When writing, it is important to have a place to go.
For instance, Ernest Hemingway always ended a writing session in the middle of a sentence, thus insuring that he had a place to go when he started the next day. I've relearned this lesson over and over again in my own work. If I wrap up a chapter all nice and neat, the next day I flounder about as I start a new chapter. But if I leave myself some room to work, things go much easier.
I am embarrassed to admit how many times I've scheduled a writing session, usually first thing in the morning because that is when I like to write fiction, and come to it unprepared. And it is dangerous, for me at least, to be unprepared because that is when the internet and email beckon. (I have this bad habit of clicking over to my email inboxes or yahoo home page when I stop to think. I tell myself it is to give my brain a break, but…you can be the judge of that.)
When I am unprepared for a writing session, I lack clarity on what it is I want to write. And clarity is one of the most important things, in writing and in life. (Clearing is actually one of the seven practices of the prolific and prosperous writer that make up my Writing Abundance workshop.) Without clarity, I have no place to go on the page.
But clarity can be ridiculously easy to come by, at least the kind required to know where you going when you turn on your computer and get ready to write. It just takes a little advance thought. So here are my best strategies for having a place to go on the page:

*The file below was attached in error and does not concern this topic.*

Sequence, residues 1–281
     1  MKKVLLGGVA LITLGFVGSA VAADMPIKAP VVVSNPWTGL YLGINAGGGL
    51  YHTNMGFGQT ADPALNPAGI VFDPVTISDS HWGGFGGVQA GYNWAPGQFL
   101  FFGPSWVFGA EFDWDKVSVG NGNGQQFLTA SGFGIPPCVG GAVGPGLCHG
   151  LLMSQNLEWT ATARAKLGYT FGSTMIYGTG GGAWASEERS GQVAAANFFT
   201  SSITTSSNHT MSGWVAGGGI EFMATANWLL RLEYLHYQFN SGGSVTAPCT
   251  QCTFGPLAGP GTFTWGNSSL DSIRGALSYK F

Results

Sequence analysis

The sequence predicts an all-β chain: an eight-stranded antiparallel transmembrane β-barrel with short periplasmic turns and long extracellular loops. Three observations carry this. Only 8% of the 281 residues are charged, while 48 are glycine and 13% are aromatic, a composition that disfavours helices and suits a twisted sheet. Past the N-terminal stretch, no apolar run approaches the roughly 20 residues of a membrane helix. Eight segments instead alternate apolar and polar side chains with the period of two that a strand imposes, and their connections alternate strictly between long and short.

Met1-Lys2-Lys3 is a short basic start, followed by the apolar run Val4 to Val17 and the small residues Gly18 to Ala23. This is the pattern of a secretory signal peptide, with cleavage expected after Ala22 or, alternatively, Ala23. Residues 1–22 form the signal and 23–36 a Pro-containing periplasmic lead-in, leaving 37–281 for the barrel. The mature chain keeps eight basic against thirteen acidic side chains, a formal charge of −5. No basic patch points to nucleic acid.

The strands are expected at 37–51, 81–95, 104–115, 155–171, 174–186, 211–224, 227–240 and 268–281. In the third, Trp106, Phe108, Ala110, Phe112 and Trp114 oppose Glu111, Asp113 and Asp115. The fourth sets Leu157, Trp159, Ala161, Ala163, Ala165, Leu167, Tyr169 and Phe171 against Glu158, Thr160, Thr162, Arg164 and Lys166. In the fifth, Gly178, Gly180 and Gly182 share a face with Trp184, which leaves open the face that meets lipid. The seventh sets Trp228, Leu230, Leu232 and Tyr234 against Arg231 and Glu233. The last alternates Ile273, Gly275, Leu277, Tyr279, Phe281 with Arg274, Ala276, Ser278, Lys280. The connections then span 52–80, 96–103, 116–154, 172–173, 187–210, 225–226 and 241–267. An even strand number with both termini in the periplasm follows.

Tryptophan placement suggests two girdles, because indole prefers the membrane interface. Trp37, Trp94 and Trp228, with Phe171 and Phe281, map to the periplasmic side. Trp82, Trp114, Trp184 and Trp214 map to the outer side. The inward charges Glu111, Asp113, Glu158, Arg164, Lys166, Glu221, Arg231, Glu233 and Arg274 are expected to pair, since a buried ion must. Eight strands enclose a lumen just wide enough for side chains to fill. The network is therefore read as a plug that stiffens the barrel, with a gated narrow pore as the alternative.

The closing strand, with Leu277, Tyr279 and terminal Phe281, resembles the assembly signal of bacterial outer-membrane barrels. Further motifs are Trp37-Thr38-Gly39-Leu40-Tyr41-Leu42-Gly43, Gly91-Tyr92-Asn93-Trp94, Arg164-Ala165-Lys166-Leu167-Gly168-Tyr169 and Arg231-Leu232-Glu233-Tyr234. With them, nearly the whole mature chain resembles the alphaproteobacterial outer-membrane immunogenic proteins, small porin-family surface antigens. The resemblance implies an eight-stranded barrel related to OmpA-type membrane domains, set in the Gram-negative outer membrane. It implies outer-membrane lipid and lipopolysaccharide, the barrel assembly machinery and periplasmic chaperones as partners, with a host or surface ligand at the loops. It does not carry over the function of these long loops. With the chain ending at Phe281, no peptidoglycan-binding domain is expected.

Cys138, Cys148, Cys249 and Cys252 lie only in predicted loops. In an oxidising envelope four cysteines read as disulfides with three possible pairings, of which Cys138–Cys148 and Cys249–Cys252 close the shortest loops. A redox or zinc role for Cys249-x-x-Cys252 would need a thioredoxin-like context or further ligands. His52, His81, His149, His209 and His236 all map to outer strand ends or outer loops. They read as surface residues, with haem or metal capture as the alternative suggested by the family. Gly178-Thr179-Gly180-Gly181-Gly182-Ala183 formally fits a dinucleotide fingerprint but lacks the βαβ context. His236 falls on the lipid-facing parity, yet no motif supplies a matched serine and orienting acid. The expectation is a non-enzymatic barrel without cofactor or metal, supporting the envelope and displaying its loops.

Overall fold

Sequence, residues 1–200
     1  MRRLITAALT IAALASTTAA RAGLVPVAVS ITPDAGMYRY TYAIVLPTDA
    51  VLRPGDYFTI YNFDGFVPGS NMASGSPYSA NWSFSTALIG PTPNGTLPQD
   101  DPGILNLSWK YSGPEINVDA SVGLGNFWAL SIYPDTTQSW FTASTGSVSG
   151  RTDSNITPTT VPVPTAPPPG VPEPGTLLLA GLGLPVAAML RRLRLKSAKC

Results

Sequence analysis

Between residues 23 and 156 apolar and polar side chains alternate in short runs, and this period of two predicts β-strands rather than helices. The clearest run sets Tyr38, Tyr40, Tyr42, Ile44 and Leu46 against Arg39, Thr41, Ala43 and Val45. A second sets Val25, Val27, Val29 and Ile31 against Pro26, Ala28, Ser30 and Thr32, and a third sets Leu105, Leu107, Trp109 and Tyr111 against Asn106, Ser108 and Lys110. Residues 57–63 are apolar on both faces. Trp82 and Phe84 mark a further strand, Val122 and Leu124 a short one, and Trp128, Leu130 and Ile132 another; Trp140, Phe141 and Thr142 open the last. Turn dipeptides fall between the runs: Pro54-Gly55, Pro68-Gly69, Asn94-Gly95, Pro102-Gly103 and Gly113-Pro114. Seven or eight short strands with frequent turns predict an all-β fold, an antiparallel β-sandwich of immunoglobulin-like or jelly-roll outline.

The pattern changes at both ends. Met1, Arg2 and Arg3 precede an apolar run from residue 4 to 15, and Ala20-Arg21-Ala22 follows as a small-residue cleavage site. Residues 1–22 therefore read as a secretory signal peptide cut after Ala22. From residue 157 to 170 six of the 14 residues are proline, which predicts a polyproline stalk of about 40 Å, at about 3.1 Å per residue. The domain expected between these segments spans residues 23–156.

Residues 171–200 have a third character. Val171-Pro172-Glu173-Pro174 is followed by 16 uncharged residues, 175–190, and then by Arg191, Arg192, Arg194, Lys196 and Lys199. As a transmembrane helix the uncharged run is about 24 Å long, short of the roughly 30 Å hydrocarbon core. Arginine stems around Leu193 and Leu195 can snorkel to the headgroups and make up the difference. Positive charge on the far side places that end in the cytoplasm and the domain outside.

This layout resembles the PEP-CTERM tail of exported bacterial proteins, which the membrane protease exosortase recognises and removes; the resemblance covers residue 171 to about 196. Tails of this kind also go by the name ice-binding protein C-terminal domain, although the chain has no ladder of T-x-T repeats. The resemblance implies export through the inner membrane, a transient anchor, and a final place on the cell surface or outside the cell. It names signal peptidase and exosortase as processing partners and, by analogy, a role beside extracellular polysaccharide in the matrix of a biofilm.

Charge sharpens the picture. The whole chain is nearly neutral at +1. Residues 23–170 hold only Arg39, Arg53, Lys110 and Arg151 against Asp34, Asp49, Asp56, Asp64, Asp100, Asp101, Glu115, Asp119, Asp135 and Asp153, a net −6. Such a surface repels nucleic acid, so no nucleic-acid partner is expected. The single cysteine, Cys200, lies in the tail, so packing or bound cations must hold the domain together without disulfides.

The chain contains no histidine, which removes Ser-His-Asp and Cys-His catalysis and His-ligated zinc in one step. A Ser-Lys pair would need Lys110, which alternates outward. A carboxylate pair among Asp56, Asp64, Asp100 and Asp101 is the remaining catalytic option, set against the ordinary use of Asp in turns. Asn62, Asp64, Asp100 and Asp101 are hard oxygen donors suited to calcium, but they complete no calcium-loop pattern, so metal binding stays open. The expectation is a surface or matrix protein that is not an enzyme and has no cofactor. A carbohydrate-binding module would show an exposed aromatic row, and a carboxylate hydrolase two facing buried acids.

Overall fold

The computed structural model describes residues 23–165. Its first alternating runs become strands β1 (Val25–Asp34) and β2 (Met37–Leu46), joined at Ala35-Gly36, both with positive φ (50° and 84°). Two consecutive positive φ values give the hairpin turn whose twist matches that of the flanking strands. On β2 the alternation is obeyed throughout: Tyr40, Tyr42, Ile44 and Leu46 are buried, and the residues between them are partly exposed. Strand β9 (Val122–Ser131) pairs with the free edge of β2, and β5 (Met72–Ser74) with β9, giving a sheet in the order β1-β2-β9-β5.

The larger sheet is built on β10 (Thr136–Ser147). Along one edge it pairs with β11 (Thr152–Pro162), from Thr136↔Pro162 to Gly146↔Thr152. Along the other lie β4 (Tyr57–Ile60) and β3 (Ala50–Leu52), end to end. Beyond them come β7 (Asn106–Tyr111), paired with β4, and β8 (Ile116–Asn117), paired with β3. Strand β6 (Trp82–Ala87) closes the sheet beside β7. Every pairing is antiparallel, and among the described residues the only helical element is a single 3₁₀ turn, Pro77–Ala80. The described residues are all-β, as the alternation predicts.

1. Make Notes Ahead of Time. In advance of your writing session, go through what info you've collected and make notes, either of where you are at or what you want to start. If you know you are going to be working on a character sketch for your new novel, make a few quick notes. Your amazing subconscious mind will take what you've written and start working on more.
2. Read Your Work Over. Re-read what you've read, the night before if you can. (This works especially great if you are going to get up and write first thing.) Reading your work over reminds you of where you are, so you don't have to reinvent everything during your writing session.
3. Make Like Hemingway. Don't write to the end of a chapter. Stop a few paragraphs short. You can even go so far as to stop in the middle of a sentence, like Ernie did. This automatically gives you a place to go.
4. Carry Your Work With You. When I'm in the full heat of working on a novel, I carry the little spiral that I use for notes around with me everywhere. Not only is it at the ready if I have an idea, but there's something about the act of carrying it around that acknowledges the novel's importance and keeps it front and center in my brain.
So those are my thoughts on always being ready. What are yours? Comment away. And keep the phrase, have a place to go, in your fertile brains because I'm coming back to it tomorrow.